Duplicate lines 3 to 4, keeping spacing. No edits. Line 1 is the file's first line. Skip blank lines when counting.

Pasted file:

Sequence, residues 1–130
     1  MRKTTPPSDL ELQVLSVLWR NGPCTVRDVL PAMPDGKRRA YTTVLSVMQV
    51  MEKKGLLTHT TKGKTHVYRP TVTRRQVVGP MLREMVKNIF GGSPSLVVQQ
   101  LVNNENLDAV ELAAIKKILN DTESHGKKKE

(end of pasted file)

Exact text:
    51  MEKKGLLTHT TKGKTHVYRP TVTRRQVVGP MLREMVKNIF GGSPSLVVQQ
   101  LVNNENLDAV ELAAIKKILN DTESHGKKKE